Shoulder Braces: How to choose the right one for you

A guide to the benefits of a shoulder brace, whether you need one and how to choose the right one for you.

Benefits of a shoulder brace

Shoulder braces are a simple, yet useful tool to help immobilise and stabilise your shoulder joint - in the case of injury or pain. Shoulder pain can be a result of trauma or more chronic conditions - for which there is an appropriate shoulder brace.

In sports, shoulder braces can be used as a preventative tool - providing support for sports that place increased load on the shoulder.

Top 5 Injuries that shoulder braces support

  1. Shoulder bursitis

  2. Post surgically

  3. Rotator cuff tear

  4. Sports injuries

  5. Frozen shoulder

When do you need a shoulder brace?

There are a number of situations where a shoulder brace can be helpful:

The shoulder joint is the most mobile of all in the human body, which allows for a large range of motion. However, there is a price to pay for that movement - lack of stability.

A shoulder brace can be used in sports to add some stability to a shoulder for either:

a) prevention of an injury

b) management of a current injury.

A list of sports where a shoulder brace may be useful:

Different types of braces

Different shoulder braces can be used for various injuries, here is a list of the most common and when they are useful.

Collar and Cuff

The most straightforward type of shoulder support, this simple sling is comfortable to wear and easy to get on and off. They are used mostly in an acute injury to provide enough support and take the weight of the shoulder joint and clavicle.

Sling

Slings are the most commonly used postoperatively, with two main types.

Standard

Standard slings are positioned across the front of the body, with the arm in internal rotation and the shoulder adducted.

Abduction

Abduction slings are where the arm is slightly abducted and in neutral rotation. Surgeons believe that this position may allow for proper healing, without causing internal rotation stiffness post-surgically.

Clavicle Brace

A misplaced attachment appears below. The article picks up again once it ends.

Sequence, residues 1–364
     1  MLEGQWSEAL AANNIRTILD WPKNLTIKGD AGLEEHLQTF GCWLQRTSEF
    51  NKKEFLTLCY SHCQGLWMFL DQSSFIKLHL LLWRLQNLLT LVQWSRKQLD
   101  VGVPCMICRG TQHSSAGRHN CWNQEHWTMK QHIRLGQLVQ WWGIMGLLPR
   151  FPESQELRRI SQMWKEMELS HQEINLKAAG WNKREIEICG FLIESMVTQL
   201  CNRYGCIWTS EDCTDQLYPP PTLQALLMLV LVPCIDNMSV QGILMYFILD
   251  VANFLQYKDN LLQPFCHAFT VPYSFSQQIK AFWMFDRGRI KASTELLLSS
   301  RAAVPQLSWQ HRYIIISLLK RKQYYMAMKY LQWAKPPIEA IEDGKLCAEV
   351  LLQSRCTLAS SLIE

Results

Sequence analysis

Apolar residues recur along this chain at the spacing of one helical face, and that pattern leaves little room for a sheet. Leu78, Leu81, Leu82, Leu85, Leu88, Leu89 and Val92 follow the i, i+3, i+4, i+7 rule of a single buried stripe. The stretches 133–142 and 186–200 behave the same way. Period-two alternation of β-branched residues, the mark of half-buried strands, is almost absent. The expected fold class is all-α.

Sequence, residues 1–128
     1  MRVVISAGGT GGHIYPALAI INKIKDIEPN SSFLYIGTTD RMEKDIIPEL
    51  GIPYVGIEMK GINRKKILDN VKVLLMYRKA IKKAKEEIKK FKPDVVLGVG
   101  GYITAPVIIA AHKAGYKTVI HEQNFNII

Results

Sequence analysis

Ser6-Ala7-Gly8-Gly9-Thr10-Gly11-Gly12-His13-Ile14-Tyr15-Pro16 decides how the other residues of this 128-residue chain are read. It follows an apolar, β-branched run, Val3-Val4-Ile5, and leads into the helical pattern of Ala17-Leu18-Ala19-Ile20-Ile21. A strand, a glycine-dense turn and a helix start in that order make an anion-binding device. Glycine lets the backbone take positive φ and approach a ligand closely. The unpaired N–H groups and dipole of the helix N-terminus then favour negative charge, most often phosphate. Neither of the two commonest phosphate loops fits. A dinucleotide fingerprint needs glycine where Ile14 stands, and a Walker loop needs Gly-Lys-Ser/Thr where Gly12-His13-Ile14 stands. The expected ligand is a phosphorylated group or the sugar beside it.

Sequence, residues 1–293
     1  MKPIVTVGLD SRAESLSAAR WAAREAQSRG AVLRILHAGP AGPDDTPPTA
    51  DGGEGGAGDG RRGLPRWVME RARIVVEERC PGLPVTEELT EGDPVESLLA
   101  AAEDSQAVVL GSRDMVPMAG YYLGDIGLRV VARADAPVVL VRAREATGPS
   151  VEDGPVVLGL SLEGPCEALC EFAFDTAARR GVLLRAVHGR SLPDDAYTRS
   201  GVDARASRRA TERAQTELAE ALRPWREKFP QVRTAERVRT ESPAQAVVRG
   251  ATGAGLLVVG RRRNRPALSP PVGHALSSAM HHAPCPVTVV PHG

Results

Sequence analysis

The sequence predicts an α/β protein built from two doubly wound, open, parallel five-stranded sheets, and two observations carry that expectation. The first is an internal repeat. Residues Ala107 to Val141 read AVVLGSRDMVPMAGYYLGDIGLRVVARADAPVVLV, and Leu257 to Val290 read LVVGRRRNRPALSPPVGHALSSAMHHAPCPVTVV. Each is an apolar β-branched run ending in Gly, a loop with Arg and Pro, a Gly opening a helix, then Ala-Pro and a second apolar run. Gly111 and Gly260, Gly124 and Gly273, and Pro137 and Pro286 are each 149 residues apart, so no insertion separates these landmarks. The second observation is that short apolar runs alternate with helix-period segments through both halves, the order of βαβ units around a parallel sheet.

This brace is designed to keep the clavicle (collarbone) immobilised, usually after a small break or fractured. Figure 8 designs help hold the shoulders back and keep the clavicle stable.

Shoulder immobilisers and stabilisers

Used mostly in sports, these braces help minimise the movement available to the shoulder. Most commonly, they will restrict the amount of elevation that the patient can achieve, ensuring that their injury can be managed and not put under unnecessary stress. Jonathon Thurston is a famous rugby-league player who wore a shoulder immobilising brace for much of his career.

Shoulder Posture Braces

These braces are quite different from any of the ones mentioned previously. Designed with prevention in mind, these braces pull the shoulders back and aim to improve posture, maintaining an upright position and preventing slouching.

How much does a shoulder brace cost?

A basic collar and cuff brace can cost you as little as $20 from your local pharmacy. The more complex the brace, the higher the cost, with shoulder immobilisers being the most expensive. For a custom made shoulder immobiliser, you can expect to pay over $350 with off the shelf options still well over $150.

How to choose the right shoulder brace

We have outlined all the possible options as well as their costs; now it is time to choose the right one. There are a few things to consider before making a purchase.

Post surgically, you will be given a brace by the operating team and advised on the use of it. IF in the event of a sports injury, you can purchase from us, or a local pharmacy.

If you are unsure on how to select the right brace - speak to your local physiotherapist who can guide you with this process.

Are you still suffering from shoulder pain?

Whilst a shoulder brace can provide some support - it's just that, support. Find a local physiotherapist who can help treat your shoulder injury and get back to your active self.

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